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'Gritty but vibrant world' of Braddock lures director of 'Out of the Furnace'

Braddock in brief

Braddock grew beside the Edgar Thomson Works, the first of Andrew Carnegie's Bessemer plants and the catalyst for the Monongahela Valley's transformation into what was once the heart of the American steel industry. The town's population peaked at about 20,000 in 1940, according to the Census Bureau.

The region's industrial collapse crushed the riverside town. Population fell to just over 2,000 in 2010, less than half the number who worked at Edgar Thomson at the plant's peak. Its 13 percent unemployment rate is nearly 6 percentage points higher than the Pittsburgh metropolitan statistical area, according to the census.

— Michael Wereschagin

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Thursday, Dec. 5, 2013, 10:25 p.m.
 

Filming “Out of the Furnace” in Braddock proves one thing:

“It shows Scott Cooper sees the story of Braddock as compelling as I do,” said Mayor John Fetterman. He points to the director's decision to base his story in the borough that was ripped apart by the decline of the American steel industry.

Cooper agrees he was captured by the story of the town.

“I wrote it for Braddock,” Cooper said of the movie that opens Friday. “I wrote it for the Carrie Furnace. I wrote it for the Edgar Thomson Works. I wrote it for all of its people.”

Braddock has become the Hollywood darling for filmmakers looking for a grim background and distinctive atmosphere.

“One for the Money” (2010), for example, used the closed UPMC Braddock Hospital as a Trenton, N.J., police station. “The Christmas Tree,” a 1996 made-for-TV film, took advantage of the Braddock Library as a set, although the film was rooted in New York City. In 2010, Levi Strauss & Co. cast Braddock as the “muse” for its Ready to Work ad campaign, which featured the people of Braddock doing real work in their town.

Braddock has as much a starring role in “Out of the Furnace” as Christian Bale or Woody Harrelson, according to Cooper. The story takes place there and is propelled by Braddock's economy, history and residents.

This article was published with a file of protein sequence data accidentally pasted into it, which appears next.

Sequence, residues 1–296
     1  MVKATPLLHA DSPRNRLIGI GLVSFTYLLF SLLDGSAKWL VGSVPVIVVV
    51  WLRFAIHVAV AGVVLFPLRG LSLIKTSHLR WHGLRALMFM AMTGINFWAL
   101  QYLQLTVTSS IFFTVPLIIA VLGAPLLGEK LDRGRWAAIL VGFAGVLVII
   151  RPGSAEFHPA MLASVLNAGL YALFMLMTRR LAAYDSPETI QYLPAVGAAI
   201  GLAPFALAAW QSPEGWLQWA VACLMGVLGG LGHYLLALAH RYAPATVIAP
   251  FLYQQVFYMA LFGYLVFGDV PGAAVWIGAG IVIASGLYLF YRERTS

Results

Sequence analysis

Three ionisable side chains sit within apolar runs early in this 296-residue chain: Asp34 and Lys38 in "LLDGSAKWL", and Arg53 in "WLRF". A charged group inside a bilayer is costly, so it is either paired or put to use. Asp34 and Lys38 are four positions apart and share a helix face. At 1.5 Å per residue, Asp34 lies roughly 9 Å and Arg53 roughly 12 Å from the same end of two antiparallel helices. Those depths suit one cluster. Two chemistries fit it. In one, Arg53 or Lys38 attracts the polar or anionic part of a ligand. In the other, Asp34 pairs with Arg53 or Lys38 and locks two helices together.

“It is a story about strength, family values and sticking it out,” Fetterman said.

Cooper wanted to write a film about “America of the last five years — of a lousy economy, of America waging a war on two fronts, of people coming home to nothing, with post-traumatic stress syndrome,” he said.

But that story didn't emerge until 2009 when Cooper was in Pittsburgh on a media tour for “Crazy Heart,” his Academy Award-winning film. The director said then that he had grown up in the Appalachian coal-mining part of Virginia. And something in Pittsburgh's frozen rivers and undulating topography seemed to speak to him.

He read a story about the work Fetterman was doing in Braddock and decided to visit the town.

“It exceeded my expectations,” said Cooper, while on the set of “Out of the Furnace,” shot in April and May 2012. “I was struck by the photographic atmosphere of the place and how the people seemed to be so proud.”

The script, co-written with Brad Ingelsby, existed, said Michael Ireland, one of the movie's producers. “But Scott rewrote it, setting it in Braddock.”

The story of Braddock and its people became Cooper's way of telling the story of the nation struggling through tough times.

“Out of the Furnace” presents Braddock differently from other films shot there — realistically. It has the Edgar Thomson Works as a hulking presence that defines the town's existence. There are quiet scenes with train whistles in the background, acting almost as a soundtrack. Crucial scenes were shot in Rankin's Carrie Furnace, the closed blast furnace that is a ghost of the region's past.

Zoe Saldana, virtually the only female actress in the film, said being in the area conveyed a sense of power.

“I was very moved immediately,” she told Newsday. “The more you drove around, you felt the pulse — the town is still alive.”

Cooper said filming in the Mon Valley gave the film a reality that would not be there had it been done on a set or in a more cost-efficient locale.

“Braddock, there's so much texture here. You just turn on the cameras and capture this gritty but vibrant world,” Ireland said during filming.

Dawn Keezer, director of the Pittsburgh Film Office, called luring Cooper here “a huge win for our area.”

The Relativity Media film took advantage of Pennsylvania's film tax credit program, which offers a 25 percent credit for productions that incur at least 60 percent of their production expenses in Pennsylvania (capped at $60 million). The tax credit awarded was $4.5 million on a total budget of $25.7 million.

Neither Keezer nor Fetterman could estimate how much work the film provided for the area. But Keezer said such projects have contributed $100 million to the local economy in each of the past four years.

Fetterman said the presence of the film crew resulted in some immediate gains. For example, when the film company heard Braddock needed about $7,000 to upgrade its police radio system, “they just wrote us a check.”

But mostly, Fetterman said, he is impressed with how Cooper and crew did not want to make Braddock something it isn't.

“They told the story honestly,” the mayor said.

The story demanded it, Cooper said.

“There is just such a strong sense of courage and resilience,” he said.

Bob Karlovits is a Trib Total Media staff writer. Reach him at bkarlovits@tribweb.com or 412-320-7852.

 

 

 
 


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